Beyond their ties to wealthy donors, Spiro and CIJA are pushing against an open door. An insider breached confidentiality by releasing information pertaining to Azarova’s application and the Canadian Jewish News’ profile of University of Toronto President, Meric Gertler, suggests he’s an Israel supporter.

In other circumstances CIJA may have succeeded in leveraging their influence to affect hiring policy with few noticing. But the administration handled the withdrawal of Azarova’s job offer poorly and the hiring committee loudly criticized the outside intervention. Simultaneously, public pressure forced the Canadian Judicial Council to investigate Spiro for bias and over 1,000 academics signed a public letter critical of the flagrant assault on academic freedom. Ratcheting the campaign up significantly, the 70,000 member Canadian Association of University Teachers (CAUT) censured Canada’s largest and most influential university.

In a bid to tamp down the uproar, the university administration hired a former Supreme Court Justice, Thomas Cromwell, to muddy the waters. In his report into the scandal Cromwell laid out a damning set of facts but exonerated the administration, noting “I would not draw the inference that external influence played any role in the decision to discontinue the recruitment of the Preferred Candidate.” Gertler and the University administration played up the exoneration, but for those who looked beyond the headlines the report confirmed the extent of outside intervention and administrators’ deference to donors.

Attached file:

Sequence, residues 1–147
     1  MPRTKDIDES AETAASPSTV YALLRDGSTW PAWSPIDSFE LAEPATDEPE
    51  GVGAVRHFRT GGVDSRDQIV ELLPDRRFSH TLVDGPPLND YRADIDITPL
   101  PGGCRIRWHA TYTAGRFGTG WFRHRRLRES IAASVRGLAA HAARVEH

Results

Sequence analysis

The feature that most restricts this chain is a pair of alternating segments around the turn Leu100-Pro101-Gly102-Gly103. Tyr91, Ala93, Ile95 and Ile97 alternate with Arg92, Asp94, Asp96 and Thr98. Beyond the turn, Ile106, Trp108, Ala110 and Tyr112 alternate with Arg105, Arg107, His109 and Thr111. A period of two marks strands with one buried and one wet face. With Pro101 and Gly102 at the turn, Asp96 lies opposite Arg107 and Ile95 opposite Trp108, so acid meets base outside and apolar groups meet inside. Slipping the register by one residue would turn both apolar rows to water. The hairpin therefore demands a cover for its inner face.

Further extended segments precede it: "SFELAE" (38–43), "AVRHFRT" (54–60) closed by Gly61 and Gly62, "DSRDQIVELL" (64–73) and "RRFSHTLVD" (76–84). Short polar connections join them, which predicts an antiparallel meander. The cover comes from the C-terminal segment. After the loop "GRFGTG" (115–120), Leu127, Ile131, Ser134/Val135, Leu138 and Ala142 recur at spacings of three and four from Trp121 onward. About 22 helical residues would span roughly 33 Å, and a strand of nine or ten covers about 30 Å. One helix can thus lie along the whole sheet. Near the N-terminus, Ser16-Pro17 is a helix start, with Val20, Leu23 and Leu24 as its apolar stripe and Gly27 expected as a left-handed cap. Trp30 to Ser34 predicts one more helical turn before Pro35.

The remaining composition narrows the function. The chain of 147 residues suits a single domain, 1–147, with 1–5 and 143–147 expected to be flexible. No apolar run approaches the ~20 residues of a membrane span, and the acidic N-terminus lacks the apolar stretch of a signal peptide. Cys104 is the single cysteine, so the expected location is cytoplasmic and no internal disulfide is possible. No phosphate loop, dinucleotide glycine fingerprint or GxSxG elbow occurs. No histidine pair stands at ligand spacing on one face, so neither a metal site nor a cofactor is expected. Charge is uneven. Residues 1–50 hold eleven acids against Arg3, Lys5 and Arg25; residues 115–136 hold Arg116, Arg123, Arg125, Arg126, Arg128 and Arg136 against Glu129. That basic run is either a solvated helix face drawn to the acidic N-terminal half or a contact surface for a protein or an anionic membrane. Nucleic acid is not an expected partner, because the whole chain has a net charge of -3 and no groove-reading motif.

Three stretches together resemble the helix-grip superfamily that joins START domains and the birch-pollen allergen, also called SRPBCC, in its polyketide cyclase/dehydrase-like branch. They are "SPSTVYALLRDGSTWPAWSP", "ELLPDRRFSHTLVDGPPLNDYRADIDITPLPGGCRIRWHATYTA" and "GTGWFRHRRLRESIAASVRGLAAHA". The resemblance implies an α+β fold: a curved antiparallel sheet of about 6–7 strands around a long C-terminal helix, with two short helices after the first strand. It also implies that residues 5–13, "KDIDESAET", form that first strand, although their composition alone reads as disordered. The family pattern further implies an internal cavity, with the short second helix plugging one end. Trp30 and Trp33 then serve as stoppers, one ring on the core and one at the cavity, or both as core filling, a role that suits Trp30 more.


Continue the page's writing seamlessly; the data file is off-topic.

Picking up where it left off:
Cromwell’s absurd exoneration of University of Toronto administrators wasn’t the first time he had put his Supreme Court credentials at service of a Toronto university looking to clean up an Israel lobby mess. Amidst an uproar about a supposedly anti-Semitic protest on campus York hired Cromwell to whitewash the university’s handling of what was in fact Jewish Defence League aligned thugs attacking peaceful pro-Palestinian students protesting a November 2019 presentation by Israeli military reservists. One of the Palestinian solidarity victims was reportedly knocked unconscious, but Cromwell scapegoated Students Against Israel Apartheid. In a sign of Cromwell’s sympathies, he was keynote speaker at a CIJA/UJA conference while overseeing an inquiry into whether a UJA representative and former CIJA official acted improperly in the Azarova affair.